6. TUrreta

    I am definitely not a great golfer - and I'm not so sure about the depth of my skill. My usual "duh" come in the round following a (for me) decent round. I guess I start thinking I know what I'm doing and the golf gods decide to humble me.
  7. Lance P

    Where do you feel the high scores came from? Too many putts, missed fairways, duffed chips? Chart your shots after each hole and find out where the big numbers are. Then spend some time at the range or the practice area and your scores will lower. Sounds easy on paper! Good luck with the work...make it fun.
  8. Keith M

    I hear you loud and clear. I often play after work sneaking in 9 holes. Last few weeks I had been playing better, 46, 44, then 43. Then I play in a parent/child event the following week, I couldn't find a fairway with a map and a flashlight. Nearly every iron was chunk city. Frustrating. At times, I've just thrown out the scorecard and wait until the next week.
  9. Allen L

    Hey etakmit, we have all been there, golf is a frustrating game. As others have said, a pro could help you develop your game. I'm the indian, the clubs are my arrows, and my pro is the Chief. A good pro can analyze a lot in your swing in a few minutes and set up a sequence of lessons. In my experience lessons are money well spent, especially if you find a pro who will play an occasional round with you.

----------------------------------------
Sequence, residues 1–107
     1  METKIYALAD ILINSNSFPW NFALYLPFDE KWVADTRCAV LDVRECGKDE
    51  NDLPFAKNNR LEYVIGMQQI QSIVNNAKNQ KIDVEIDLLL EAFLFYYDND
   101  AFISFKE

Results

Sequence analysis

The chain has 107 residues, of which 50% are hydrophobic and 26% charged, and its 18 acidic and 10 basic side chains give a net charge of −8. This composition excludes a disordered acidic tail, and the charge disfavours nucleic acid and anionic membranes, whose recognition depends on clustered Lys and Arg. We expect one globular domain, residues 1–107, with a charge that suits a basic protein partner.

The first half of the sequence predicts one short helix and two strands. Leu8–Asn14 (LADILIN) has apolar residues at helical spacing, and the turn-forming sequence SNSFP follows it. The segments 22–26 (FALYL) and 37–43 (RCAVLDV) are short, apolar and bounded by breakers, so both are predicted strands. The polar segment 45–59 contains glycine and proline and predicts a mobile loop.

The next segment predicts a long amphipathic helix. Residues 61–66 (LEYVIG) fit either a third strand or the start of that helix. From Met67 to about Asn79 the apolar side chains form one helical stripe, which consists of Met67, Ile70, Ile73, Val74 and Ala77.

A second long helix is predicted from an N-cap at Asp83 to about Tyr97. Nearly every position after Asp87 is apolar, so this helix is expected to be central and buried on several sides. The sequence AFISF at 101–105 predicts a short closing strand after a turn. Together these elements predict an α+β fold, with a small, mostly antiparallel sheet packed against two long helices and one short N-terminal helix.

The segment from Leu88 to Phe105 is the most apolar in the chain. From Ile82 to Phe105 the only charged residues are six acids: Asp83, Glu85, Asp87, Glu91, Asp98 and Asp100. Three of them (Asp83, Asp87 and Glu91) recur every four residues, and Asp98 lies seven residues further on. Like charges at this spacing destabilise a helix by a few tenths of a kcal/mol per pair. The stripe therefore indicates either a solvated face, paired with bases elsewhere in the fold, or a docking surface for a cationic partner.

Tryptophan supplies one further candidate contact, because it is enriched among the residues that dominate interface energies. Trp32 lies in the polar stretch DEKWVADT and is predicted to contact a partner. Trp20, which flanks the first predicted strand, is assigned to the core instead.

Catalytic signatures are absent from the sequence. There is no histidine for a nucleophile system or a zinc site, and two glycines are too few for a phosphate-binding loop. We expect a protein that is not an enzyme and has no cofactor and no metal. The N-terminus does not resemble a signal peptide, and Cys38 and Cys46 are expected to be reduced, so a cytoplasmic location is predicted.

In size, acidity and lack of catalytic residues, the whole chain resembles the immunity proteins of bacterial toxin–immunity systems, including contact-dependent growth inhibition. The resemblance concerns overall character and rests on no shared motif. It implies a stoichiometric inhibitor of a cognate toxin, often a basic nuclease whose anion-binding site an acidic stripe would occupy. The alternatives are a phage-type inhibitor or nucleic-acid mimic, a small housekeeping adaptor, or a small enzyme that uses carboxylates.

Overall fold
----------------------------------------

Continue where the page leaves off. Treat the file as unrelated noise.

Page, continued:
10. etakmit

    In all actuality my problem was lack of range time. The previous weeks I had gotten at least one to two range sessions in prior.

    And regarding lessons I've had plenty, but as alluded in my original post its the lack of reps to ingrain what I've learned. I can (and have) shoot in the 80s. It's just about getting out there.

    It's nice to know I'm not the only one who has off days! I should be out this weekend again! The best part is, my mentality is such that even on a day like Wednesday I don't get down / upset. Because there's always another swing coming up.
  11. Don O

    The old saying is golf is one game you can only play, you can't win. Not that you could end up on tour, but there are commitments you can make to improve to the extent that you can or will. A lot of my scores like your come from various swing faults, some of which I've know for years. In my case, it took not just the occasional lesson but working with a TPI instructor to work on my mobility and core to be able to resolve physical challenges. There are skills you can get from a pro. There's not a great deal of technique in chipping/pitching, but working with a pro can give you the tool set to get on the green within 15-20 feet of the pin on every green you miss. Beating balls on a range won't develop that touch. New equipment is only a part of the puzzle. Whatever level you choose to play, have fun. You can play well into your 80's if you let golf win (and maybe Mr. Player will still be beating whippersnappers past the century mark).
  12. Chris B

    go see a pro a quickly as possible and get a game plan....set some goals.

    Most likely you are steep and delivering the handle way too high......resulting in misses to the right and left depending on how you flipped the clubhead at impact.

    Go see the pro now and get a gameplan.......and see a pro that has trackman or flightscope so you can get some real data to work with.

  13. Carl T

    That is golf. I am a 12 handicap currently and shot 21 strokes over par yesterday. I spend several hours a week on practice and play 3 to 4 rounds. I came home and felt like I would not play another round until I worked out the kinks but actually I just had several bad "rub of the green" moments yesterday and decided when you get thrown from a horse the best thing is to get right back on it. I'm playing again today.